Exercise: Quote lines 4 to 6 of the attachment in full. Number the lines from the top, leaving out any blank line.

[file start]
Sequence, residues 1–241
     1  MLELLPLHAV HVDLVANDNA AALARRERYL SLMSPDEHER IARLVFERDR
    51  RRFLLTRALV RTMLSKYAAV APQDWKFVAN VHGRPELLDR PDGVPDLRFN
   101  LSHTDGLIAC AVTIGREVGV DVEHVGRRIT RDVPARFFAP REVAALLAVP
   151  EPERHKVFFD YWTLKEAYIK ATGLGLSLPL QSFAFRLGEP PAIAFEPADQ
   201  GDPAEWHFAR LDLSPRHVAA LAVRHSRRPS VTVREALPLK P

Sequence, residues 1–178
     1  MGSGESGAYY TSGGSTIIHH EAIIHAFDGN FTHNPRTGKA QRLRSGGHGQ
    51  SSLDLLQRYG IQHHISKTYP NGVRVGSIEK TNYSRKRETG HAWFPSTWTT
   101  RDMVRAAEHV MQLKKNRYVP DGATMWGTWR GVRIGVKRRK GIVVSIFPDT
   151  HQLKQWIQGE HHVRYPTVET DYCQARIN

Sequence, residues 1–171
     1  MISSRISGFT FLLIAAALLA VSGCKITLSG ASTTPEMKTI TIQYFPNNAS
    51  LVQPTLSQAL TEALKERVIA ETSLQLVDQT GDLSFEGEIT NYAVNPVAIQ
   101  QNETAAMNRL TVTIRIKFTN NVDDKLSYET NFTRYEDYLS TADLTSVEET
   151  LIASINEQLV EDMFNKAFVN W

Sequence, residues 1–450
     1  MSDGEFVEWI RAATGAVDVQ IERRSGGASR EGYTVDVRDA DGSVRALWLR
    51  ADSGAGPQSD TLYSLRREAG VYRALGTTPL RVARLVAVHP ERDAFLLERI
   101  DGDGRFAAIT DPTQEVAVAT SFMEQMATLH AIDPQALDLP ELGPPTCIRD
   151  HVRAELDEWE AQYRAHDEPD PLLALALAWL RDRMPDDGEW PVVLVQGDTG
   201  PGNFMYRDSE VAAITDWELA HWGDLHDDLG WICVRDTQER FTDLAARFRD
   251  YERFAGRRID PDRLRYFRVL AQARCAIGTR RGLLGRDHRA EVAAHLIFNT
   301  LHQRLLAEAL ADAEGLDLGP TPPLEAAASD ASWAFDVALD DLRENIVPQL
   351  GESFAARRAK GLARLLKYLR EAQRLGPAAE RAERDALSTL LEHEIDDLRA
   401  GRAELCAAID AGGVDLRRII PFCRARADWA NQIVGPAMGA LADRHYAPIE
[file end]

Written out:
   101  LSHTDGLIAC AVTIGREVGV DVEHVGRRIT RDVPARFFAP REVAALLAVP
   151  EPERHKVFFD YWTLKEAYIK ATGLGLSLPL QSFAFRLGEP PAIAFEPADQ
   201  GDPAEWHFAR LDLSPRHVAA LAVRHSRRPS VTVREALPLK P